Anyone who drives a car regularly has noticed that gas prices have fallen pretty sharply over the past month — something that fellow Brandeis grad Thomas Friedman bemoans in his column today because lower prices are likely to have a negative impact on conservation and other habits, such as fewer SUVs on the road.
But Friedman’s not the only one. In the 10Q that it filed yesterday, Halliburton (HAL) was also pretty bummed about falling prices for oil and natural gas because of its negative impact on their business. Actually, they’re more than bummed. In the filing, Halliburton warns that the lower prices could have a material adverse impact on both revenue and profitability. Here’s a snippet:
Forecasted crude oil prices for the remainder of 2008 and for 2009 have dropped substantially in the last month…Any prolonged reduction in oil and natural gas prices will depress the immediate levels of exploration, development, and production activity. Perceptions of longer-term lower oil and natural gas prices by oil and gas companies can similarly reduce or defer major expenditures given the long-term nature of many large-scale development projects. Lower levels of activity result in a corresponding decline in the demand for our oil and natural gas well services and products, which could have a material adverse effect on our revenue and profitability.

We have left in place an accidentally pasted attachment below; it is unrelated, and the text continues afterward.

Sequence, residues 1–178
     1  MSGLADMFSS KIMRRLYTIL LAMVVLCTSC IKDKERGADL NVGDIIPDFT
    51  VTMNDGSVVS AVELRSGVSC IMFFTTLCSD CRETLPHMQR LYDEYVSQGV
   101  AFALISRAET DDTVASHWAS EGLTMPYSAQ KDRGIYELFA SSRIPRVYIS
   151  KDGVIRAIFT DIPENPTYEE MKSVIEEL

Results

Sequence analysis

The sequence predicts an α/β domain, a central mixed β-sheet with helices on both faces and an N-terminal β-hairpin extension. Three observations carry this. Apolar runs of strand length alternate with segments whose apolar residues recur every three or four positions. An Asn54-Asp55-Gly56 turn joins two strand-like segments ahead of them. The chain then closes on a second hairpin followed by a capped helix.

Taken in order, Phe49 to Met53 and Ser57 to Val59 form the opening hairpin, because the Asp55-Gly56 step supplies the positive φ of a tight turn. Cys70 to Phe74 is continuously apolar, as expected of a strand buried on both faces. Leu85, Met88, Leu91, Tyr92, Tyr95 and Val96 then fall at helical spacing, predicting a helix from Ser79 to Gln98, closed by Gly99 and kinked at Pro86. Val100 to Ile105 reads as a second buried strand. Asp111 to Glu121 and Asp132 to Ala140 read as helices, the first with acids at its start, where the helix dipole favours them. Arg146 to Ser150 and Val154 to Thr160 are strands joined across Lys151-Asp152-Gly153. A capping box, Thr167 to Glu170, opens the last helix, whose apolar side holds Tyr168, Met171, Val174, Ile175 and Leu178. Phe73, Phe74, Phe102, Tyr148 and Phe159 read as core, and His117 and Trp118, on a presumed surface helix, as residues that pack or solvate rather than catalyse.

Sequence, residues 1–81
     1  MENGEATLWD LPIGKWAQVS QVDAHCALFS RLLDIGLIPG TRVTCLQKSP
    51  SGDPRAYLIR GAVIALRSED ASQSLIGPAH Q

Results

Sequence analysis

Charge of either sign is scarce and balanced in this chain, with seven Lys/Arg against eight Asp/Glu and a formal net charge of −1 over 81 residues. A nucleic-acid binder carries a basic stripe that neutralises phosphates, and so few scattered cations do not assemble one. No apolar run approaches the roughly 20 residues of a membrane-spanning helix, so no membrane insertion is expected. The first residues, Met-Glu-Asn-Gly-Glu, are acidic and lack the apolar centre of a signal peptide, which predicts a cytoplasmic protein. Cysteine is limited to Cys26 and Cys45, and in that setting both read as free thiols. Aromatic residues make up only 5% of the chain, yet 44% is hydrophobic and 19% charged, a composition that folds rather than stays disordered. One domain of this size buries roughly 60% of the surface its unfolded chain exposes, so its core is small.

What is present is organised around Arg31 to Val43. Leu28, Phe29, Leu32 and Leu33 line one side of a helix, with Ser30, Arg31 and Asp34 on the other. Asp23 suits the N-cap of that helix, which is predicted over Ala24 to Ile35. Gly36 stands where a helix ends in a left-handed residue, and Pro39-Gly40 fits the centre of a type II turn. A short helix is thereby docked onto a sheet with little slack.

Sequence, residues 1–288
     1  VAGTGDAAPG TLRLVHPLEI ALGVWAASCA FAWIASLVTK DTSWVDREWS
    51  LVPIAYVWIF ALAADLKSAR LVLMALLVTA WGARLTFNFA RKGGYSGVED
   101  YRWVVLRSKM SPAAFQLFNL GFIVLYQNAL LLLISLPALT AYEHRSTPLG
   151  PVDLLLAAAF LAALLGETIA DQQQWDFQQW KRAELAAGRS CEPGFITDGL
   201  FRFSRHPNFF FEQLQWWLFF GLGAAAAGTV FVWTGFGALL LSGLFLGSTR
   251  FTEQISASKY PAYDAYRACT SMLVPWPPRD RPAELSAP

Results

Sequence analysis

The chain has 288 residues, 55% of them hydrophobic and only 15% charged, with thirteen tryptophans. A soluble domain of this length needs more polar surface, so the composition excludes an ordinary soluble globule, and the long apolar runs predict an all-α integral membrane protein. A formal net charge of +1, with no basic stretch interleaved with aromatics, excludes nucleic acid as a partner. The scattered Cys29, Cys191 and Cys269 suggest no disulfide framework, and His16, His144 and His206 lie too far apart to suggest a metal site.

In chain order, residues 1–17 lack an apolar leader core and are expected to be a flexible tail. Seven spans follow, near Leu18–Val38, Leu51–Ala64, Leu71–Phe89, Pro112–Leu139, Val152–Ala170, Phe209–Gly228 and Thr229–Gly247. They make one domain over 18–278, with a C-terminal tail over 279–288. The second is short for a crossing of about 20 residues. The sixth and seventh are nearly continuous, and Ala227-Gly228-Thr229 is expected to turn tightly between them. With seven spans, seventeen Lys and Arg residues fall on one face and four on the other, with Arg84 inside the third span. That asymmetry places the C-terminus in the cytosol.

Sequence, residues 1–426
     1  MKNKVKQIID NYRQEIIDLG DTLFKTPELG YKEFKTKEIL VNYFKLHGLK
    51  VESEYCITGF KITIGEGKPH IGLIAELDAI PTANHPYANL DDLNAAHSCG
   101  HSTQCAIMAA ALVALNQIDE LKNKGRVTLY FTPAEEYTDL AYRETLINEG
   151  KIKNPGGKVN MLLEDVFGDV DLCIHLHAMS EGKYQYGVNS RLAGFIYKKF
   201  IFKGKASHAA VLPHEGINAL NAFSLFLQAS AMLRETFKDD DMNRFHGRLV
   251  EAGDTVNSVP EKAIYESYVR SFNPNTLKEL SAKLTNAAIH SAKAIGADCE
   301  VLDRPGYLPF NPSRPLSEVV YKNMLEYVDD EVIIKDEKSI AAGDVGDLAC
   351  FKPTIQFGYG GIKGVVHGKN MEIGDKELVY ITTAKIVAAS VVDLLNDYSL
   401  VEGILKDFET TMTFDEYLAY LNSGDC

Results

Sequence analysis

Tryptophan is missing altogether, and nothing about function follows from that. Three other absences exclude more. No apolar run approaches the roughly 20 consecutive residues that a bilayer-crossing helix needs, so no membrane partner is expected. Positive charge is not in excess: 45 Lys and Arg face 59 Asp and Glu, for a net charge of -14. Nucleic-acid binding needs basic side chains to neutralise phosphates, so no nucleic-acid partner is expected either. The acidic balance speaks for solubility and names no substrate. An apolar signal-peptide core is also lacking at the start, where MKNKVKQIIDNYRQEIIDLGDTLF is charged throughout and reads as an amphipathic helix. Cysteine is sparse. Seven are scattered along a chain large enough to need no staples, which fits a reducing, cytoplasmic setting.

Halliburton reported its earnings on Monday before the market opened. And while Chairman and CEO David Lesar was quoted in the press release about his concern over falling prices, it came across as being a much more serious concern in the Q.
We have a few more observations about Halliburton’s Q that will only be available to FootnotedPro subscribers. Other tickers that we’ll be posting about over there include LMT and CAL.